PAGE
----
Why I Don’t Hate Hipsters Anymore
A 3-Tiered Definitive Glance at a Confusing Urban Label
written by Corey Largent
edited by Nick Palm, Nick Tichy, & Zack Newman
"HIPSTER" is a baffling label that is simultaneously embraced and avoided by the current generation. The most stereotypical “hipster” thing I can legitimately say about myself is that I started hating hipsters before it was cool. I am a native San Franciscan, I’ve lived there my whole life and, like most of my fellow natives, I am made uneasy by San Francisco’s ever-changing cultural makeup. We tend to think the shifts in socioeconomic trends pose a threat to the security blanket of danger, grit, and art that nurtured and hardened us as adolescents. My interests have, for most of my life, placed me on a certain urban-artistic fringe, gaining friendships in mostly edgy, creative cliques. I’ve enjoyed being a casual participant in graffiti sessions, creating and producing hip hop with noteworthy local talents, passively having a skateboard handy at all times, frequenting the now-legendary PoundSF metal shows and playing in a number of active bands all since my early teens. This wealth of local immersion has shaped the type of artist and human that I now am at 25 years-old.
As a senior in high school, I began to notice a trend of people who resembled the easy-to-mock-yet-admirably-loyal “emo” scene kids, steadily seeming to latch onto the things I held dear. Pretty soon, there were teenage boys with swooped bangs and skinny jeans frequenting the favorite local graffiti supply shops on Haight Street, learning “hardcore dance moves” online and infiltrating my favorite mosh pits. They were learning to kick-flip, and even trying their skills at house party freestyle cyphers over my beats. A graffiti writer friend of mine referred to these pests as “hipsters.” I quickly adopted the term into my growing high-horse of vernacular, and utilized it as a weapon of local snobbery.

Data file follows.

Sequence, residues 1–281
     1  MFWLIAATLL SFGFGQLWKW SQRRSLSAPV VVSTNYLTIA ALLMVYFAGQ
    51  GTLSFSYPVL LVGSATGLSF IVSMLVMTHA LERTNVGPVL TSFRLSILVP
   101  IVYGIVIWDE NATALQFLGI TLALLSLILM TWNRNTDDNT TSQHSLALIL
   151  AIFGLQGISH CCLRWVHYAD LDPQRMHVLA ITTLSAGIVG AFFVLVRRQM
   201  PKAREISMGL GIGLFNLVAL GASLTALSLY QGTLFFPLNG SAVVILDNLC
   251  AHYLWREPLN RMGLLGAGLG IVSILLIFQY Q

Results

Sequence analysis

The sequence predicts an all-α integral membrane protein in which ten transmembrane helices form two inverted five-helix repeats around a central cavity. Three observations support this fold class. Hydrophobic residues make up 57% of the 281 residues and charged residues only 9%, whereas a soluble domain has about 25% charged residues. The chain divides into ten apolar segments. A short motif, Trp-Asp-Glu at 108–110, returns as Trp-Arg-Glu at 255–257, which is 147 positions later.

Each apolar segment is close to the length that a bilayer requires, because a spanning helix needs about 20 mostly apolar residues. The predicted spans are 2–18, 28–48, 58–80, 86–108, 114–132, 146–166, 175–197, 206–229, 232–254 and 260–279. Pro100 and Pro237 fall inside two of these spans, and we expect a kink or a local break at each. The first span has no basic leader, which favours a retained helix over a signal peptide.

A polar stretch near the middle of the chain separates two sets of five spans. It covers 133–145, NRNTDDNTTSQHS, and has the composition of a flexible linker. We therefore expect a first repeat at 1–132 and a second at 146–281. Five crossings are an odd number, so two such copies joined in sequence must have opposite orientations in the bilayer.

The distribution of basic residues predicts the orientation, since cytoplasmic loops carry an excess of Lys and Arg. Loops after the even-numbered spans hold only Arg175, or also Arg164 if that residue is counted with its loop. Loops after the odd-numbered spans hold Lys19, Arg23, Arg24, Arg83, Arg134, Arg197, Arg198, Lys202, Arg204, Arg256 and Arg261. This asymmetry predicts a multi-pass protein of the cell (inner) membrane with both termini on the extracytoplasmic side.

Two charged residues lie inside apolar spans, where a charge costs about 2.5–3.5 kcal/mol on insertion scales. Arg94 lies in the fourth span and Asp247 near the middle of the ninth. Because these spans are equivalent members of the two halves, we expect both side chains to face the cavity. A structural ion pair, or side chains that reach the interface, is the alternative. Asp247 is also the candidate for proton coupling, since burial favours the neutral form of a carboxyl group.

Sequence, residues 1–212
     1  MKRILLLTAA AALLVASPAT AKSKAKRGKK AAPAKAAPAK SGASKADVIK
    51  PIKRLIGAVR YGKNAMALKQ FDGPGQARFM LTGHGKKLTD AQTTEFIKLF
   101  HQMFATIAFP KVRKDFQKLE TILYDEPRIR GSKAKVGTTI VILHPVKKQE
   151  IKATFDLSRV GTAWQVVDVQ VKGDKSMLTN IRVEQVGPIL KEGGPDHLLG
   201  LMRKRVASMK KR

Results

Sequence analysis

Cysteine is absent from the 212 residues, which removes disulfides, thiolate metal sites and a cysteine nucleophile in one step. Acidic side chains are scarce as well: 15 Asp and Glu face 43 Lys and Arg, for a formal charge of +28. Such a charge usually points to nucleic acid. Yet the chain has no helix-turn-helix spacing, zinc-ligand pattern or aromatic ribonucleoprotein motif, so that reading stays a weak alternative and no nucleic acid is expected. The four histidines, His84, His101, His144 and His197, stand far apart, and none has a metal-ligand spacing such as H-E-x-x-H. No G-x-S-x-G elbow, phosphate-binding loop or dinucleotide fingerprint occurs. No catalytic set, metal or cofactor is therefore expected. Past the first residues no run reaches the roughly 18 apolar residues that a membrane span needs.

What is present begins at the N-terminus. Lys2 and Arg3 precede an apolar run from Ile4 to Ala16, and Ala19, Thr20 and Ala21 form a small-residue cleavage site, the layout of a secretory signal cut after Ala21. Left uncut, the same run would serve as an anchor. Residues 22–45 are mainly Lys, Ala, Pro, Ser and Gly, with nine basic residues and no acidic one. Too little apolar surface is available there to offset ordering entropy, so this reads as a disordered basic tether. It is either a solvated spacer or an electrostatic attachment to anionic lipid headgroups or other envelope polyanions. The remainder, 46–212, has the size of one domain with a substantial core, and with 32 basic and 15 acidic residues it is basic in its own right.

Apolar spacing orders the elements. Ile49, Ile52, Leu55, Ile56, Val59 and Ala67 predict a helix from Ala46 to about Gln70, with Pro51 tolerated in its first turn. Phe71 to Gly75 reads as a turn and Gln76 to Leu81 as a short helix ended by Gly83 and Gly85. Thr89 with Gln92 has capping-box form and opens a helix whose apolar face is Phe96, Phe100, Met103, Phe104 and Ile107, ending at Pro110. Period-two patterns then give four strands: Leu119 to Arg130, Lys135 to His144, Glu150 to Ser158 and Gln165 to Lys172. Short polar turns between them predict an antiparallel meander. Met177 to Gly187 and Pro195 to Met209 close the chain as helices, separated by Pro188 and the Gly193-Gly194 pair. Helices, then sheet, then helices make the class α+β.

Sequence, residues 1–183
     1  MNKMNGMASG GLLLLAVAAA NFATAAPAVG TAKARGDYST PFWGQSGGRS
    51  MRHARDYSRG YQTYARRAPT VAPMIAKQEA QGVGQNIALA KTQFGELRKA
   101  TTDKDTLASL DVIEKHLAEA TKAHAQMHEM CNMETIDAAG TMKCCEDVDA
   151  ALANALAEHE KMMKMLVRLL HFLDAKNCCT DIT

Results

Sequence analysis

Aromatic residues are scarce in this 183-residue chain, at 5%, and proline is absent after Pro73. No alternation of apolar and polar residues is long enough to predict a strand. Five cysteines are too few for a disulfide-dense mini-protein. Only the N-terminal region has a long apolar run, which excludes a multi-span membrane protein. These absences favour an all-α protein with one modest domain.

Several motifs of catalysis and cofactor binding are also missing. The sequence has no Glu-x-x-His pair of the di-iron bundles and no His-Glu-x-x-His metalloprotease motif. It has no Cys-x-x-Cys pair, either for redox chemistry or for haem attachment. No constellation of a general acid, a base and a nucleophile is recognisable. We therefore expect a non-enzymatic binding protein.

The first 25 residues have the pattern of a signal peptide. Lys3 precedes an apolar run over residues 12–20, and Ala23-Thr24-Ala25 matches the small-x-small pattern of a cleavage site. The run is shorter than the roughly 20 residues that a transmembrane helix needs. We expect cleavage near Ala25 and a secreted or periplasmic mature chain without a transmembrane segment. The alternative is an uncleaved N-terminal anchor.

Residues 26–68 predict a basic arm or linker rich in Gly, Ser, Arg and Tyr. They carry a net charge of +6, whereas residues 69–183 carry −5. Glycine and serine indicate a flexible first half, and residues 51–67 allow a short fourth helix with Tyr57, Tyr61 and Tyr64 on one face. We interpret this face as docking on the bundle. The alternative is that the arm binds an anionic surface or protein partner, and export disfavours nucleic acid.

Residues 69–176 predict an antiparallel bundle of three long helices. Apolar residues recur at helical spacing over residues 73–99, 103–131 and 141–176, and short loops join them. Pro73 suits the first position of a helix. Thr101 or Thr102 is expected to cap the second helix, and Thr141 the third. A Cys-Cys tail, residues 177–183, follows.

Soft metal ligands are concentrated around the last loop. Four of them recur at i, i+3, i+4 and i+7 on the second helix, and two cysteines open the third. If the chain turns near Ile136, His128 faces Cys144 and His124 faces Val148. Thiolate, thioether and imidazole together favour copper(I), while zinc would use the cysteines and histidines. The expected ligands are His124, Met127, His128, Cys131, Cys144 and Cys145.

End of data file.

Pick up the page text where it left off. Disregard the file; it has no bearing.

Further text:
In my very early adulthood, hipsters seemed to represent those who wanted artistic credit without putting in the years of effort and dedication that I felt I had spent, partially by having been in San Francisco since birth. “Posers”, some might call them. However, I had been naive to a very important fact up until I got my first rent-paying job at age 19. Having grown up surrounded by other natives, not until I joined the workforce did I realize that most people in San Francisco usually come from other places. In fact, this had historically been the case ever since they named it San Francisco. My city was no longer my city, but a city of the world— a place where people arrive to reinvent themselves in both meaningful and superficial manners. This all began to make me feel like a stranger in my own home, when in fact, I was just a part of the scenery.